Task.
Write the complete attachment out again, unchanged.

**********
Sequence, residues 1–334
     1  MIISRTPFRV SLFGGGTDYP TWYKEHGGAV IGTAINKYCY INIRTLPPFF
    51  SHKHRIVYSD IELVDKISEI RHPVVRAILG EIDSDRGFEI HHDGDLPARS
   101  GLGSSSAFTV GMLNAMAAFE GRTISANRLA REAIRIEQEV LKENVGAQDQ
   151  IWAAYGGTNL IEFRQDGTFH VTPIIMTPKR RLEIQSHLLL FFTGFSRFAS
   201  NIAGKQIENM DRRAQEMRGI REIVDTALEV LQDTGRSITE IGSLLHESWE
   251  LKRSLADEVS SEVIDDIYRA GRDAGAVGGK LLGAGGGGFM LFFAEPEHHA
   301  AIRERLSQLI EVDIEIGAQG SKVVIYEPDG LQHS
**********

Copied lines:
Sequence, residues 1–334
     1  MIISRTPFRV SLFGGGTDYP TWYKEHGGAV IGTAINKYCY INIRTLPPFF
    51  SHKHRIVYSD IELVDKISEI RHPVVRAILG EIDSDRGFEI HHDGDLPARS
   101  GLGSSSAFTV GMLNAMAAFE GRTISANRLA REAIRIEQEV LKENVGAQDQ
   151  IWAAYGGTNL IEFRQDGTFH VTPIIMTPKR RLEIQSHLLL FFTGFSRFAS
   201  NIAGKQIENM DRRAQEMRGI REIVDTALEV LQDTGRSITE IGSLLHESWE
   251  LKRSLADEVS SEVIDDIYRA GRDAGAVGGK LLGAGGGGFM LFFAEPEHHA
   301  AIRERLSQLI EVDIEIGAQG SKVVIYEPDG LQHS